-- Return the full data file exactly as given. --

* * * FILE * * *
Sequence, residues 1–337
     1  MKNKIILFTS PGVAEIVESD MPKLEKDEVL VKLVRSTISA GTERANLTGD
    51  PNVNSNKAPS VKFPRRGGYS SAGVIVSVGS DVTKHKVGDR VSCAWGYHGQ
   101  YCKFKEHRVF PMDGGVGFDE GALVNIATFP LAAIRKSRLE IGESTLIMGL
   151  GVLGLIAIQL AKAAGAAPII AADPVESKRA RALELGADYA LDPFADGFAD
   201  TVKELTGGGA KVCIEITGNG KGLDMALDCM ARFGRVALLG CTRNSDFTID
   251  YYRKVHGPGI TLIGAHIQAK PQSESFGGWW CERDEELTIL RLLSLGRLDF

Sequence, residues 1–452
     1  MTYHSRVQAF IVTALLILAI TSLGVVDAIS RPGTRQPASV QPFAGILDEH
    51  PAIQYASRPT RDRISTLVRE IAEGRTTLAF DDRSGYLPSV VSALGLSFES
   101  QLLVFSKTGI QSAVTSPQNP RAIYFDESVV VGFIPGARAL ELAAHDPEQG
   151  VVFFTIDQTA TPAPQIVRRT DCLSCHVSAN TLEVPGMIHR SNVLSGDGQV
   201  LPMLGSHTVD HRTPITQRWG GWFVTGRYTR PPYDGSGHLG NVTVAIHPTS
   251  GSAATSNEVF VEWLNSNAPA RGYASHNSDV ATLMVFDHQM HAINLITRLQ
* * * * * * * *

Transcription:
Sequence, residues 1–337
     1  MKNKIILFTS PGVAEIVESD MPKLEKDEVL VKLVRSTISA GTERANLTGD
    51  PNVNSNKAPS VKFPRRGGYS SAGVIVSVGS DVTKHKVGDR VSCAWGYHGQ
   101  YCKFKEHRVF PMDGGVGFDE GALVNIATFP LAAIRKSRLE IGESTLIMGL
   151  GVLGLIAIQL AKAAGAAPII AADPVESKRA RALELGADYA LDPFADGFAD
   201  TVKELTGGGA KVCIEITGNG KGLDMALDCM ARFGRVALLG CTRNSDFTID
   251  YYRKVHGPGI TLIGAHIQAK PQSESFGGWW CERDEELTIL RLLSLGRLDF

Sequence, residues 1–452
     1  MTYHSRVQAF IVTALLILAI TSLGVVDAIS RPGTRQPASV QPFAGILDEH
    51  PAIQYASRPT RDRISTLVRE IAEGRTTLAF DDRSGYLPSV VSALGLSFES
   101  QLLVFSKTGI QSAVTSPQNP RAIYFDESVV VGFIPGARAL ELAAHDPEQG
   151  VVFFTIDQTA TPAPQIVRRT DCLSCHVSAN TLEVPGMIHR SNVLSGDGQV
   201  LPMLGSHTVD HRTPITQRWG GWFVTGRYTR PPYDGSGHLG NVTVAIHPTS
   251  GSAATSNEVF VEWLNSNAPA RGYASHNSDV ATLMVFDHQM HAINLITRLQ